Getting Lucky in Asia

Get your heads out of the gutter!  I’m not talking about sex here……..we’re going to talk about ways to increase your luck.

1.    Pet Turtles

Have you ever wanted a turtle as a pet? Well…turns out that’s not such a great idea.  Turtles have uneven patterns on their shells and that’s a big no no for having good luck.  If you keep your pet turtle at work, you’re inviting a huge amount of yang energy into your workplace which could cause your business to fail.

2.    Chopstickschopsticks

Who knew there were rules about your chopsticks….have you ever wondered why no one sticks their chopsticks out of their food like a beacon?  Yeah definitely not a good idea.  Chopsticks closely resemble the incense you burn in memory of loved ones who have passed on; so when you stick them straight out of your bowl, you’re practically asking for bad luck and you look like a disrespectful idiot to boot!

3.    No Shave November?

One of my favorite times of the year is No Shave November; shaving is super tedious so any excuse not to is a welcome one in my book.  In parts of Asia, facial hair is seen as something for the lower class.  Any facial hair, particularly mustaches, that is untrimmed makes you look very unkempt but is also said to lower your social status and bring misfortune to your family.  So no matter how tedious it is, if you want to have good luck you may want to keep yourself well-groomed, fellas.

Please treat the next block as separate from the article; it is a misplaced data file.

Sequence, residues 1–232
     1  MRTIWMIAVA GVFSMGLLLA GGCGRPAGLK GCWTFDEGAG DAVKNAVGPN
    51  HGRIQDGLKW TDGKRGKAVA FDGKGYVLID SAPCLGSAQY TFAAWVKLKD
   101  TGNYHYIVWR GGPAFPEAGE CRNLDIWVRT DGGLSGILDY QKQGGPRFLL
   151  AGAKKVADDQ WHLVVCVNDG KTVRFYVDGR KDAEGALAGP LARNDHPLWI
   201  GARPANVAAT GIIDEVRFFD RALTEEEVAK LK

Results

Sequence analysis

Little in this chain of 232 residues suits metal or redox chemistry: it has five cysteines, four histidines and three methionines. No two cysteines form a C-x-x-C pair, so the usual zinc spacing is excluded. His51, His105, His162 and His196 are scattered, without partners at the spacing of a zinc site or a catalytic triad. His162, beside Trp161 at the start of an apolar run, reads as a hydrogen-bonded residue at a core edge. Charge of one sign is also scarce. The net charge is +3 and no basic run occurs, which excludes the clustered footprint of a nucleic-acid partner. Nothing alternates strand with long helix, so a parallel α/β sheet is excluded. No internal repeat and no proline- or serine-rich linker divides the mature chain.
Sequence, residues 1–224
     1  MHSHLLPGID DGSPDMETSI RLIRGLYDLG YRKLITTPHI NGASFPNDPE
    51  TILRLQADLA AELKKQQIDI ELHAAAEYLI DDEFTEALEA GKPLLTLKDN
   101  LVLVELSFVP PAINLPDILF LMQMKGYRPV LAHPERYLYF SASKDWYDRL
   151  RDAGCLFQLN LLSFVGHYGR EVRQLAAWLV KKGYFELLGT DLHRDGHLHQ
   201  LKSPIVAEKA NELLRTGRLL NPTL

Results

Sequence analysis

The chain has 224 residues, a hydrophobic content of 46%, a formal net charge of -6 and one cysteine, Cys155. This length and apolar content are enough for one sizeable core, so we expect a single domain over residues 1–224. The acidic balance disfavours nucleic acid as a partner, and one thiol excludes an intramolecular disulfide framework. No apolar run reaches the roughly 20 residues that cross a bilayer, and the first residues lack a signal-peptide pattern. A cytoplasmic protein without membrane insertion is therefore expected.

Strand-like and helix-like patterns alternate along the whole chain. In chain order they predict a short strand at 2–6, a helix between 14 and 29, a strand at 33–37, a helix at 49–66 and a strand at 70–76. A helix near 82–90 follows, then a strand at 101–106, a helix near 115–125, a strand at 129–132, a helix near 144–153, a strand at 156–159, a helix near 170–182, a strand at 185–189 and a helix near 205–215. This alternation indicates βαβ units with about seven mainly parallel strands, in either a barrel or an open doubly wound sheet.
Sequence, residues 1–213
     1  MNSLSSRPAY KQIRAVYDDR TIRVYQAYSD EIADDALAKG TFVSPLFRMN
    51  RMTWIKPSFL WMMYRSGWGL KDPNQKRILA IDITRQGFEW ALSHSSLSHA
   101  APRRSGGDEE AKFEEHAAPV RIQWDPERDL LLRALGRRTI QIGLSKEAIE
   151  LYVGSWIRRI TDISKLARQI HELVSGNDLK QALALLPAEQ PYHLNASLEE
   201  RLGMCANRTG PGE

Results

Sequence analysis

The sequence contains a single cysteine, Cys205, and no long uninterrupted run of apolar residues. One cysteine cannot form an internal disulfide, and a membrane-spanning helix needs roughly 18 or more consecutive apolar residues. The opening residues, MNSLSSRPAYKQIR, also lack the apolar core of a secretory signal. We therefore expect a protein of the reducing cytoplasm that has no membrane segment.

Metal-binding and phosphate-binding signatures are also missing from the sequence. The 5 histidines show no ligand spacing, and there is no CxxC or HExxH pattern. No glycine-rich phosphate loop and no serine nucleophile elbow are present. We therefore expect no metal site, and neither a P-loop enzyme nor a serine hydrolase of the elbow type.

4.    Isn’t That Just a Number?

The number four is perhaps the most unlucky number in Asia.  Here in America we try to avoid the number 13 because it means horror, misfortune, and death in pop culture; in China, their unlucky 13 is the number 4.  The pronunciation of this number in Chinese is very similar to the pronunciation for the word ‘death’ and that’s a good enough reason to avoid it in and of itself.

In tall buildings, a lot of times they won’t even have a fourth floor because it’s so unlucky.  It is also unacceptable to use the number 4 on hotel rooms, apartment numbers, and and license plates.

cat5.    The MVP of Minerals

If you want to have supreme good luck, you should keep a jade figurine or pendant at your desk.  Jade is said to bring good fortune and prosperity so in China it is more precious than even gold.  Who doesn’t want good luck and prosperity after all?

6.    Spring Cleaning

If you feel a sudden urge to sweep during Chinese New Year, ignore it the best you can.  Sweeping during Chinese New Year means you are brushing away any good fortune or luck you could have received.  Get this…..if you hit someone with a broom, it is the penultimate form of misfortune and your life will be ruined.

On another note, do all your sweeping the night before Chinese New Year so the good luck for the new year has a clear path to you.

7.    Noodles

Have you ever been eating noodles and you get a really long one so you cut it with your teeth against your bottom lip?  If you ever have, stop doing it! Noodles are often eaten on birthdays or during important celebrations because they represent long life.  When you cut that noodle with your teeth, you’re symbolizing cutting life short.  Even if you have to slurp your noodles to avoid such an occurrence, that’s okay because in Asia that just means you’re enjoying your meal.

8.    The Most Symmetrical

In America we have lucky number 7, in Asia it’s lucky number 8.  Besides being the most symmetrical number, you pronounce the number 8 very similarly to the word ‘prosperity’ and that’s definitely something good to have.  So if you get the chance, stay in a room with 8 in the number; unless it’s room 48…..that pretty much cancels any good luck.

~ Jordan

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